She peers over his shoulder, standing up on her toes. “I don’t know who did that. Did they leave a note?”

“No note.”

“Maybe that’s the vandal Mateo was talking about.”

Nikhil pauses. Mateo hadn’t said what got vandalized, but… “Petra, do you think I was the vandal? And it was his newspaper?”

“Probably.” Petra leans forward until her head is resting against the back of Nikhil’s shoulder, slumping onto him. “You gonna tell him?”

“That depends. Do you think he just reverse-vandalized me?”

“Karma,” she says again. One of her arms snakes around his waist, in what has to be the strangest hug he’s ever received. “You could always ask.”

Nikhil groans. “The thought of talking to another person-”

“Ask tomorrow.”

“I’ll ask tomorrow.”

“Good.” Petra squeezes his waist. “Did we do good today, doc?”

“We did great today, Petra.” Nikhil blindly reaches a hand back until he lands on Petra’s shoulder and pats her consolingly. “Being a doctor is hard.”

“You’re a doctor.”

“Yes, I am.”

“You’re good at it.”

“That’s how I know it’s hard.”

Petra makes a soft noise against his back. “I’m glad you’re my attending.”

“I am too, Petra,” Nikhil says. It’d be easier to sit down, or move, or be anywhere other than the break room. But for time being, he decides, there’s nothing wrong with standing still.




There’s paperwork, which there always is on days like this, and most of it can’t wait till tomorrow. So Nikhil sends Petra home, and it’s a testament to her exhaustion that she goes with only the most token of protests. It leaves Nikhil with a job well done and its aftermath, one of which is wonderful and the other is… less.

It’s nearly midnight by the time he stumbles into the elevator, on the way to the hospital parking garage. He’s so tired that it takes him a second to register the other person in the elevator, looking at him expectantly.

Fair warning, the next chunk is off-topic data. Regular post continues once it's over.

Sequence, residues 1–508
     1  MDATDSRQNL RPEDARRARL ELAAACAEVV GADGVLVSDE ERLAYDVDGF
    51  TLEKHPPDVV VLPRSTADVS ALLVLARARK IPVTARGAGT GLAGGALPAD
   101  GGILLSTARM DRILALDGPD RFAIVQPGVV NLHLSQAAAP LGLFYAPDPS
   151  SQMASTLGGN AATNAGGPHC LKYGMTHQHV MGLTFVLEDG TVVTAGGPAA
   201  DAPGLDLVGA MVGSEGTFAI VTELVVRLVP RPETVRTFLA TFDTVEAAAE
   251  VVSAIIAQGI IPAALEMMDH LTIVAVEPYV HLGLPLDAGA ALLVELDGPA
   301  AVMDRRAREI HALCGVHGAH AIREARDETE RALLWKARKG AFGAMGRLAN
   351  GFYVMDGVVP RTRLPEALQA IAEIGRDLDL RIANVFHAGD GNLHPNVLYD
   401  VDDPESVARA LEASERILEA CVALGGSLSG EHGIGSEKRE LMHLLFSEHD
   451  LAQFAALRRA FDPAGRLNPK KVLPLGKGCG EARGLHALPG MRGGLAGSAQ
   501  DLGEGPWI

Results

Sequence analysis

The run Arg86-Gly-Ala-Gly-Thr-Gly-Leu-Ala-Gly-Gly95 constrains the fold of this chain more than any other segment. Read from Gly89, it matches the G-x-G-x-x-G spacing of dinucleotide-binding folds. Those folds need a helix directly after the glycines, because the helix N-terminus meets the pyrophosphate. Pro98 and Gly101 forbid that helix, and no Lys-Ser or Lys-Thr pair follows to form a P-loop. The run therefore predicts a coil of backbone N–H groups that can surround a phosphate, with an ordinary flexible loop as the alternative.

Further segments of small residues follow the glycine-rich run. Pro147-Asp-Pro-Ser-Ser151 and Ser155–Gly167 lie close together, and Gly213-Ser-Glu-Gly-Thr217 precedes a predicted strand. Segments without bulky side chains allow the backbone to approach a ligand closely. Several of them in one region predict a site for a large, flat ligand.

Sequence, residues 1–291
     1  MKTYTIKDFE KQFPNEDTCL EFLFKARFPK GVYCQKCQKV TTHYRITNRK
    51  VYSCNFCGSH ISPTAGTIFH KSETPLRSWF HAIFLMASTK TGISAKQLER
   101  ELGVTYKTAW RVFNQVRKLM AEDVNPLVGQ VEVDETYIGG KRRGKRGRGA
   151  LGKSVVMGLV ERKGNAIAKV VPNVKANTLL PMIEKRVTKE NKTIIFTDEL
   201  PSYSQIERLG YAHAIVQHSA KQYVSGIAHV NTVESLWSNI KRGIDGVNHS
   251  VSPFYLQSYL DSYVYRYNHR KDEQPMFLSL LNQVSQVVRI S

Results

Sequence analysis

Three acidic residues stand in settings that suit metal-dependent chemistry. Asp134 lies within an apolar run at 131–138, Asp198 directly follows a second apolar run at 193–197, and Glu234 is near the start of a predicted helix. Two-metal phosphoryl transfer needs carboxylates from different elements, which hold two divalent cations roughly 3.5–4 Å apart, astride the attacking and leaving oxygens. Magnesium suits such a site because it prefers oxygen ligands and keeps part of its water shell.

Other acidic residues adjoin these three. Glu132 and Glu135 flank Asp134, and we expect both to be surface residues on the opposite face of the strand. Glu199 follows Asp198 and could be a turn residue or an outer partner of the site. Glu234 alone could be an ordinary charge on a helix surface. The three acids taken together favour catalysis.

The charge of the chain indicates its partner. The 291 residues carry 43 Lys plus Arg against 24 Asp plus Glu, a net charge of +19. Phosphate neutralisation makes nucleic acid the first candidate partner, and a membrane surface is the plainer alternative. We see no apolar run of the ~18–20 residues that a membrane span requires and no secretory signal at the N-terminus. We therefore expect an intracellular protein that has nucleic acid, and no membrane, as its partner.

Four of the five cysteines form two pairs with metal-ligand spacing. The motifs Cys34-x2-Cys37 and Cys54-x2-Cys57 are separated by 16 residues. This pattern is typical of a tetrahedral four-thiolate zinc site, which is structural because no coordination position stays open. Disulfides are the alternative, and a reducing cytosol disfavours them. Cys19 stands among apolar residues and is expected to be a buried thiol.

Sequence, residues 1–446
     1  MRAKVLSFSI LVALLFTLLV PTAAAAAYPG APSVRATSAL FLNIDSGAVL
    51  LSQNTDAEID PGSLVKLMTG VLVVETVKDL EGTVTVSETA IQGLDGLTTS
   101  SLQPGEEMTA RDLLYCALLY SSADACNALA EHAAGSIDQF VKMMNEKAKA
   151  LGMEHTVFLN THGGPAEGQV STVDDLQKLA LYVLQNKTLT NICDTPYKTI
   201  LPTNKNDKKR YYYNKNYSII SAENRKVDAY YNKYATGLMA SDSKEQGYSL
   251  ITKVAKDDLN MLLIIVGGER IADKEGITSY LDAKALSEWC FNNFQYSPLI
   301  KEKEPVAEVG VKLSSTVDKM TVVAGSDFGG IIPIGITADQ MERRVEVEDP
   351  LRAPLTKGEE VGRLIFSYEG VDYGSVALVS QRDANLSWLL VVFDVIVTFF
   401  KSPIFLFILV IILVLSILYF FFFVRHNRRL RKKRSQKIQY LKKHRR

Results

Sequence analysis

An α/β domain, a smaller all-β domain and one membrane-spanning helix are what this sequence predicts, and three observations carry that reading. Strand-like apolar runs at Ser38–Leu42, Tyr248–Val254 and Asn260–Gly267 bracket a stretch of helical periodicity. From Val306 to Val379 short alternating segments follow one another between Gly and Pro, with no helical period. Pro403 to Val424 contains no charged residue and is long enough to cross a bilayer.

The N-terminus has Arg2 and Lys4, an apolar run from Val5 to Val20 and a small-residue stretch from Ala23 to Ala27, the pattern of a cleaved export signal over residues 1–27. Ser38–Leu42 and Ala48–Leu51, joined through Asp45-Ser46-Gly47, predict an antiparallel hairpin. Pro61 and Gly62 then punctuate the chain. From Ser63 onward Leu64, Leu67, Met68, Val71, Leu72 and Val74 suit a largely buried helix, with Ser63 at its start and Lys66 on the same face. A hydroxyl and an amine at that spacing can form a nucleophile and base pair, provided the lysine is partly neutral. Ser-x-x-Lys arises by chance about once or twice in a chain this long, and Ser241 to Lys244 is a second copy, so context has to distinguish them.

“What?” Nikhil says, and that’s when his brain helpfully tells him that this is Mateo, watching him with a smile that Nikhil can’t classify as joking or teasing or… or any of the other normal Mateo smiles. “Oh, god, I’m sorry, I’ve had-”

“I heard,” Mateo says gently. “All I said is hi, you’re not missing out on much.”

Nikhil nods. The adrenaline and caffeine are working their way out of his system. “Saved him.”

“I heard,” Mateo repeats, and the corners of his mouth curve up even further. “You’re good at that. Where’s the intern?”

“Sent her home early.”

“You’re too nice.”

“If I were any harder on her, she’d stage a revolt. And she’d win.”

Mateo laughs softly. He has a nice laugh. He looks tired too, but mostly he’s looking at Nikhil. “I dunno, I think you’d put up a good fight.”

“I’d try,” Nikhil says. And then, because Mateo is looking at him so gently that he almost can’t stand it and Nikhil has never been good at good choices, he says, “I think I was your vandal.”

“I think you were too,” Mateo admits, not looking too surprised. “I might’ve gotten you back today, though.”

“You did,” Nikhil agrees. “You’re very good at crosswords, did you know that?”

Mateo smiles. The elevator dings, and the doors slide open, and Mateo puts out an arm to hold them without moving to get out. “You’re not so bad yourself.”

“I try,” Nikhil says, and takes a step closer to Mateo. “Doctor Morales?”

His smile widens. Nikhil can’t look away. “Yes, Doctor Sharma?”

“Would you like to go out for coffee?”

A laugh bursts out of Mateo, loud and genuine in the stillness of the elevator. “Yeah, you know what? I think I would.”

“Good,” Nikhil says, and steps closer. Mateo leans towards him, almost like gravity. “Did I mention I have coffee at my place?”

“Do you now?”

“Good coffee too.”

“Well,” Mateo says, so close that Nikhil can feel it against his lips. “How can I say no to that?”

Nikhil smiles. He’s still smiling when Mateo closes the distance between them and kisses him.